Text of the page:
The Lumia 635 has gained nearly 6 percentage points over last month, overtaking the Lumia 521 on T-Mobile for top phone. Reasons for the increase in share are attributable to availability on AT&T, Sprint, and T-Mobile in addition to low-cost deals from retailers. Both Amazon and Walmart had the Lumia 635 for just under $50 with no contract, making this LTE-enabled phone a bargain (despite some of its drawbacks).
Microsoft's recently announced Lumia 640 and Lumia 640 XL have yet to go on sale here. However, the market looks favorable to their success. AT&T will carry both new phones while T-Mobile and MetroPCS are offering the Lumia 640 in the coming weeks.
Speaking of carriers, AT&T still commands 32.3 percent of the Windows Phone space with Cricket (21.5%) and T-Mobile (18.1%) grabbing nearly 40 percent.
It is unfortunate that the Lumia 735 was never released in the US as that device may have fared better in this climate. Verizon was slated to get the phone at one point, but those plans have evidently fallen through.
Country Spotlight: Brazil, France, Italy, Russia, and India
When it comes to individual countries, not much has changed. Brazil's big story is the rise of the Lumia 530 and Lumia 630 over the past few months, now making up a combined 30 percent of the Windows Phone Market (with the aging Lumia 520 decreasing slightly).
In France , the Lumia 830 (3.2%) and Lumia 535 (3.5%) are growing and there the Lumia 635 is doing well with 17.4 percent.
In Italy , one of Microsoft's largest markets for Windows Phone, the Lumia 535 now has 6.1 percent of the market and is now in the fifth spot. The Lumia 630 and Lumia 635 taking a combined 23 percent.
Russia is nearly evenly divided with Lumias with the entry-level phones (Lumia 520, Lumia 535, and Lumia 630) making up the largest share. The Lumia 630 has now passed the Lumia 520 to be the number one reported Windows Phone in that market.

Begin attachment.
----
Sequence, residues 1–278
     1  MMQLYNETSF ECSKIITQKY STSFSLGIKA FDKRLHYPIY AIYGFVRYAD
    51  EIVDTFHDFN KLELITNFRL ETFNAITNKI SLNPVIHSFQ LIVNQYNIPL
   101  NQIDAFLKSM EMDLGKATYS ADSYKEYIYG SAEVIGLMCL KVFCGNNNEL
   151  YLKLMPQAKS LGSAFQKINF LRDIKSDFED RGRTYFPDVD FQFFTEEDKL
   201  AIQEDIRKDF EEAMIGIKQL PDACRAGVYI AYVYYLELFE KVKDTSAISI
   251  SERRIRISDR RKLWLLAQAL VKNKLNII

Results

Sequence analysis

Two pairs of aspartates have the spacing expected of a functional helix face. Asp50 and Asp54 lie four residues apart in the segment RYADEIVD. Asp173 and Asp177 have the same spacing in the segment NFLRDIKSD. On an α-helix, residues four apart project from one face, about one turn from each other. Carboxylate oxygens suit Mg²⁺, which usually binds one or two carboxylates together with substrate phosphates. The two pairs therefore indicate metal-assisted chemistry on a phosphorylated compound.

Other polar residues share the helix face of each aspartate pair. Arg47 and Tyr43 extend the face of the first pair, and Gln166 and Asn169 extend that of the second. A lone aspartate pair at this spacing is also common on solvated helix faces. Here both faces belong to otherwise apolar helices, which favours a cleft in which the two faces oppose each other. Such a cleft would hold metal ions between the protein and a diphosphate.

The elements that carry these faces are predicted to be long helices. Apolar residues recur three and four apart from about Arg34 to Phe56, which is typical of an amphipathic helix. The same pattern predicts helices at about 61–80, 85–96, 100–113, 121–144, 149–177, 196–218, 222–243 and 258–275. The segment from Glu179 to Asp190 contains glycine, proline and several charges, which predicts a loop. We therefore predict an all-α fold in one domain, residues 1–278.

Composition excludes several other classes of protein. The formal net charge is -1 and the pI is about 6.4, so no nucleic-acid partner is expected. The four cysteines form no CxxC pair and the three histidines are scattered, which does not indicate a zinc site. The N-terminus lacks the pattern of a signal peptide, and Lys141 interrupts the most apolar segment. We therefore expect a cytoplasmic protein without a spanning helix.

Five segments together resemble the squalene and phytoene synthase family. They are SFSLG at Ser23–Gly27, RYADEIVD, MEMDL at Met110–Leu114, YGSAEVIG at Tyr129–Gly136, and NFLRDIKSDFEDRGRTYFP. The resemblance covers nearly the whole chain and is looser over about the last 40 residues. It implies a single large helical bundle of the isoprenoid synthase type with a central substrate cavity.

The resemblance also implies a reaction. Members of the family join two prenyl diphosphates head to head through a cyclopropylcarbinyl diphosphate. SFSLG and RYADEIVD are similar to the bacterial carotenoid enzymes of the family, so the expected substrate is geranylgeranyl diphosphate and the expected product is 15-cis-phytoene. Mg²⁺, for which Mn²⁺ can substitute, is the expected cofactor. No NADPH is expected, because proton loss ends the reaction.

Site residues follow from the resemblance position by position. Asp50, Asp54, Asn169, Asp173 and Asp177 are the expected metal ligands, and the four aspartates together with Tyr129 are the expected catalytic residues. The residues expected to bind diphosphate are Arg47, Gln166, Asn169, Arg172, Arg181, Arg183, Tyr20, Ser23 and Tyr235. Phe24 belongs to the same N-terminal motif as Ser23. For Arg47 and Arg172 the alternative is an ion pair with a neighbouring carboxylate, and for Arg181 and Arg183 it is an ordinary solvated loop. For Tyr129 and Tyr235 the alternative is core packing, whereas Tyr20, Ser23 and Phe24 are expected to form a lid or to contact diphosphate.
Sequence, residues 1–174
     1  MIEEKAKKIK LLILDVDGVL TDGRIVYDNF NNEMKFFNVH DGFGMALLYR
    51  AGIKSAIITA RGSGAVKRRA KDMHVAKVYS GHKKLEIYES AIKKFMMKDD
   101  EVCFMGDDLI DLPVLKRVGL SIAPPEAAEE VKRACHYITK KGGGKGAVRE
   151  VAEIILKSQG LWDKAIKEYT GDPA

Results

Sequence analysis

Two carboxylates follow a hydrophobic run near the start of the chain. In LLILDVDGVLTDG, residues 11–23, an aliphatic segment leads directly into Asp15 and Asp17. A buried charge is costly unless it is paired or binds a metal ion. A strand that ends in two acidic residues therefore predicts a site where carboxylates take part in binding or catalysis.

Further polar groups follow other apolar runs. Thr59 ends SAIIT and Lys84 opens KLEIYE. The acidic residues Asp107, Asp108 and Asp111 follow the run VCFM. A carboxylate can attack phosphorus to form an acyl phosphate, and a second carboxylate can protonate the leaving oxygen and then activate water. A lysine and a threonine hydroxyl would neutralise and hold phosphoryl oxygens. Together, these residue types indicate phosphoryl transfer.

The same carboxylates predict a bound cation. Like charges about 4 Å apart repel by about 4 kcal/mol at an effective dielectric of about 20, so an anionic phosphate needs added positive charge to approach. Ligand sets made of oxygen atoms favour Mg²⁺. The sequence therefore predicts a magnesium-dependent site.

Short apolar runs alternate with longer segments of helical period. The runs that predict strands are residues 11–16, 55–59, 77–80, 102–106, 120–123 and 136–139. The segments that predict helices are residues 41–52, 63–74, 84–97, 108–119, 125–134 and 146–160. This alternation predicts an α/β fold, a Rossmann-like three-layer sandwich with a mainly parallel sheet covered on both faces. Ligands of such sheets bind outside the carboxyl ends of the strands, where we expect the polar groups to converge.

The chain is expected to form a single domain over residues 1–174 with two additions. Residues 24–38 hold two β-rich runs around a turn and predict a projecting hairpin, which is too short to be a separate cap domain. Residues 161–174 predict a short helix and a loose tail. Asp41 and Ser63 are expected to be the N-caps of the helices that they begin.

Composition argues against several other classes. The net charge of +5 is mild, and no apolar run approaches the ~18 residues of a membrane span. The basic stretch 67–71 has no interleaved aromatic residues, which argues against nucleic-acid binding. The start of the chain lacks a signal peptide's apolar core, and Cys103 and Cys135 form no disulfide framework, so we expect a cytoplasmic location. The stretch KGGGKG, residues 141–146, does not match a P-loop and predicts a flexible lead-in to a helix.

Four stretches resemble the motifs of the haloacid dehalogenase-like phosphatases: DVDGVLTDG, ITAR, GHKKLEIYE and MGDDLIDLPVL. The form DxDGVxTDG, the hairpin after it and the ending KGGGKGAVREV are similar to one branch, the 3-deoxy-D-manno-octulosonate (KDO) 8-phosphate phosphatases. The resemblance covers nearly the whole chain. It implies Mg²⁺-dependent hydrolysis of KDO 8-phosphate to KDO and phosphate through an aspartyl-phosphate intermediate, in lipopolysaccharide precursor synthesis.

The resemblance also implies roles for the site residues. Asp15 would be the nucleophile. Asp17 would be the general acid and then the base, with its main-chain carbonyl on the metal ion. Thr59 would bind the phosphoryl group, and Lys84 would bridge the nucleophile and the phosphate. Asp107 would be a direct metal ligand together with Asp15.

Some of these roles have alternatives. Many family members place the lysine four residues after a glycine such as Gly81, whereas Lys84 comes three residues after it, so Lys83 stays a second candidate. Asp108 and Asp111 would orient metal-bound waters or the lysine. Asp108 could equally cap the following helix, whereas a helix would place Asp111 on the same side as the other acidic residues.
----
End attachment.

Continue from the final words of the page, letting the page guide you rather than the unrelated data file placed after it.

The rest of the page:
Finally, in India , the Lumia 535 continues to gain on the Lumia 520. The latest entry-level phone is evidently selling very well, gaining 4 percentage points over last month. It now constitutes nearly 20 percent of the Windows Phone market share, creeping up on the Lumia 520's 23 percent.
A full 84 percent of Windows Phones in India are Lumia 7xx series or lower, reflecting the cost dynamics of that emerging market.
Until Microsoft releases Windows 10 on phones, including new higher-end hardware, not much can change in regards the growth trajectory of entry-level devices.
The good news is that devices like the Lumia 535 and Lumia 635 are doing comparatively well for Windows Phone. Between full availability, bargain pricing, and feature set, customers are responding well to the selection.
The fact that entry-level and mid-range Lumias are being adopted by consumers implies that newer phones, like the Lumia 640 and Lumia 640 XL have an excellent chance of being mini-hits themselves. Reasons for this conclusions include favorable responses from users in the design, pricing, and specifications of both devices, including the renewed focus on larger, higher-quality displays, and improved rear-cameras.
The Lumia name is also still resonating with consumers despite the shift from Nokia to Microsoft branding. It remains to be seen if white-label companies like BLU, who should be releasing LTE devices soon, can make inroads into Microsoft's dominance. Ironically, Microsoft welcomes the competition to help even out device the landscape with their hardware partners.